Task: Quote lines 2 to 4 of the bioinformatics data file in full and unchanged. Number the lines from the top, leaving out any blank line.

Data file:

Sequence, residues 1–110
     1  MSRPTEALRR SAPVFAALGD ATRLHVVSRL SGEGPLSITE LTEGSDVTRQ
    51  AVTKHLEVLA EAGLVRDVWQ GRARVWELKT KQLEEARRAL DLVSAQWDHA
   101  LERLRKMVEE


     1  MSRPTEALRR SAPVFAALGD ATRLHVVSRL SGEGPLSITE LTEGSDVTRQ
    51  AVTKHLEVLA EAGLVRDVWQ GRARVWELKT KQLEEARRAL DLVSAQWDHA
   101  LERLRKMVEE